Securities & Exchange Commission Investigate Elon Musk Financials


The Securities and Exchange Commission (SEC) confirmed it’s investigating the actions of billionaire Elon Musk in connection to his investment in Twitter, which he’s revealed a plan to purchase in the time since initially investing (although the deal actually going through isn’t necessarily certain, it seems).

Referring to an earlier disclosure in relation to earlier investments he made, the SEC “asked [Musk] why he listed his stake as passive while making public statements about the company,” The Washington Post explains. Musk’s claim to have been a passive investor contradicts the ambition he swiftly revealed to take control of the social media platform. (He later updated his status.) The SEC “also asked him why he missed a 10-day deadline for disclosing his investment,” the Post adds.

In March of this year, Musk passed a threshold in the amount of Twitter stock he owned that required him to publicly disclose his investment — but he didn’t file that disclosure until after the 10-day deadline for making it had passed. In the meantime, Musk bought additional Twitter stock, the price of which is broadly believed to have been kept down by Musk keeping his prior investments private. (Revealing the investments would have driven up investors’ interest in the company.)

The SEC made these inquiries to Musk in a letter dated April 4. The Post notes that the probe by the federal agency could lead to a financial penalty for Musk, but the investigation doesn’t appear set to affect Musk’s attempt to obtain control of Twitter. Musk previously paid a $20 million fine in relation to scrutiny by the SEC of a Twitter post in which he falsely claimed he’d accumulated the funding to take Tesla private. Separately, Musk was sued in federal court by a group of Twitter investors this week in relation to his failure to disclose his initial large investments in Twitter by the required point.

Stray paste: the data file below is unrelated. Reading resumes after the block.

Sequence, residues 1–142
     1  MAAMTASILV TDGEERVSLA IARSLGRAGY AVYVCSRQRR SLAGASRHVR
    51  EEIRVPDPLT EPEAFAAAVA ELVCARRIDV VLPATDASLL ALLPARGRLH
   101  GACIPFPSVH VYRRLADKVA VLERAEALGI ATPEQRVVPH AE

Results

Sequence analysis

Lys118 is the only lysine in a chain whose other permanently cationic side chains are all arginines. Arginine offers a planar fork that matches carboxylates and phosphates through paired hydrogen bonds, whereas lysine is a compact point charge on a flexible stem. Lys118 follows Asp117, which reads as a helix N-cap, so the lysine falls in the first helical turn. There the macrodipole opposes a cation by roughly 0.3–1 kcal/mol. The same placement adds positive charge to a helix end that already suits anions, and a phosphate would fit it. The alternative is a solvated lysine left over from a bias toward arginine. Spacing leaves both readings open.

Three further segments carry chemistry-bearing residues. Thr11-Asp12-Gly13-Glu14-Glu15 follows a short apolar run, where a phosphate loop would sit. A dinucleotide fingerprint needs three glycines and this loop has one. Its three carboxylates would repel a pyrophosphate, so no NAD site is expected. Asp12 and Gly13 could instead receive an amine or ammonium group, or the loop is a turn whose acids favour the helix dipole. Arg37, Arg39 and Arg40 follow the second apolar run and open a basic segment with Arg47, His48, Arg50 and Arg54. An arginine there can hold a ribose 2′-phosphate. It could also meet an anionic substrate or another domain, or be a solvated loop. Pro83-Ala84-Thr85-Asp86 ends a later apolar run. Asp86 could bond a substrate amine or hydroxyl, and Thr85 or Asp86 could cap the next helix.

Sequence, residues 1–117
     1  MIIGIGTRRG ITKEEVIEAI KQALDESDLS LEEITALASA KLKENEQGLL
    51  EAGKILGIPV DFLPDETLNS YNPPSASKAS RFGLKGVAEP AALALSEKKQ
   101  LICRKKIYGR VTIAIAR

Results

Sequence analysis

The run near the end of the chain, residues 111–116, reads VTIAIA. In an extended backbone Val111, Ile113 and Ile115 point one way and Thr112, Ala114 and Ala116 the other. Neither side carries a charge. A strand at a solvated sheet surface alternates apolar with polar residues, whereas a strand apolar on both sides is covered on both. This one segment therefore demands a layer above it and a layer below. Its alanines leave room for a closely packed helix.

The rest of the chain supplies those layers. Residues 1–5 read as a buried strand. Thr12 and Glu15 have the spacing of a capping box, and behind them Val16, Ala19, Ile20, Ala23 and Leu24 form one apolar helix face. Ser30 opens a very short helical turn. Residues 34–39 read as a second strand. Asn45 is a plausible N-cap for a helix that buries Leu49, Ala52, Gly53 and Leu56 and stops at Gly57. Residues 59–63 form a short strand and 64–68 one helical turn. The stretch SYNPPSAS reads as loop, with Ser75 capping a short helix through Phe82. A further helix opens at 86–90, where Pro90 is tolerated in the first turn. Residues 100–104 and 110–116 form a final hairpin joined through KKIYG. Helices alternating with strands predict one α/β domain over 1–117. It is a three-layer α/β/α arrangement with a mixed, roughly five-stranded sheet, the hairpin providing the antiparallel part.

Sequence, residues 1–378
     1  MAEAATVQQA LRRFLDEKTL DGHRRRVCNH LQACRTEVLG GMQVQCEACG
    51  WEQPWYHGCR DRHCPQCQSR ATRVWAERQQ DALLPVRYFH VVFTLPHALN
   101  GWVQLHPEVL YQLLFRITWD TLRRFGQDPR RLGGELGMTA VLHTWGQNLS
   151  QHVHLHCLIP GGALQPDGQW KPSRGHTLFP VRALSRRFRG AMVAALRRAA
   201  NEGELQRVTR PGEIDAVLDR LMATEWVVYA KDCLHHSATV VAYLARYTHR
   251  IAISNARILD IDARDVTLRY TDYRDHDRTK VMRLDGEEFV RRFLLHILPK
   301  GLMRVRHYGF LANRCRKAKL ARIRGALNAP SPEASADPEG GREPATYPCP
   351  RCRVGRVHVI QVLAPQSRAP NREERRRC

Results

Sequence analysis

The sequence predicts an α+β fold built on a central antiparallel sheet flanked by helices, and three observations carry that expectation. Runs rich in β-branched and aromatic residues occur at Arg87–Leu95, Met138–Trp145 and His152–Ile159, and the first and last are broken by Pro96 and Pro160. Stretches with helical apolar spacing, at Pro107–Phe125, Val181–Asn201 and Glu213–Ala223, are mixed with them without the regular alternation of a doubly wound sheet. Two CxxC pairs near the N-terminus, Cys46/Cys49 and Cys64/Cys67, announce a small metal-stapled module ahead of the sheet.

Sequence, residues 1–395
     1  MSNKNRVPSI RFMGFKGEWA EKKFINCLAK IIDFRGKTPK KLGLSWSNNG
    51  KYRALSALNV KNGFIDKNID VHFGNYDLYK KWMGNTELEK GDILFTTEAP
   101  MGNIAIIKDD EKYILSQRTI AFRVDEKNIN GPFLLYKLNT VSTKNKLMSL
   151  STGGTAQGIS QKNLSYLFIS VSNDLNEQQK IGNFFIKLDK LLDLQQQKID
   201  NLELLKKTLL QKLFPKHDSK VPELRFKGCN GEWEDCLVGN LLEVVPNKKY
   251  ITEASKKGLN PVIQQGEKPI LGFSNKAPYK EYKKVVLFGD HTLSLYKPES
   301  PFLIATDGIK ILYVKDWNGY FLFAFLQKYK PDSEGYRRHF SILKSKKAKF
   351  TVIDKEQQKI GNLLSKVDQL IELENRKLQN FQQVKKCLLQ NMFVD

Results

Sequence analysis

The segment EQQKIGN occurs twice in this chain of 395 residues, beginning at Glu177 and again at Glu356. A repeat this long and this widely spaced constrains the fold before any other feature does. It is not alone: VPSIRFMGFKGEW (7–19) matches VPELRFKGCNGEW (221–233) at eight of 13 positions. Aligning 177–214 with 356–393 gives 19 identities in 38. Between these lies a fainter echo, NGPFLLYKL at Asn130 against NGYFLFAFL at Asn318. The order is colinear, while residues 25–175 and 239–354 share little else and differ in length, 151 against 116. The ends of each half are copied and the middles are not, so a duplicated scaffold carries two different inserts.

As reported here, the lawsuit makes the case that Musk — who acts as though publicly whining on Twitter is his job — manipulated Twitter’s share price to ease the financial impact from the large stock purchases he’s made so far. Specifically, Musk failed to publicly disclose within 10 days — as required by law — that he’d purchased more than 5 percent of the company’s shares, and he subsequently bought more. The lawsuit estimates that Musk’s delayed disclosure of his Twitter stake saved him some $156 million. “By delaying his disclosure of his stake in Twitter, Musk engaged in market manipulation and bought Twitter stock at an artificially low price,” the lawsuit states. Those behind the new lawsuit also allege Musk’s high-profile criticism towards various elements of Twitter operations has been another effort to force its stock price downward.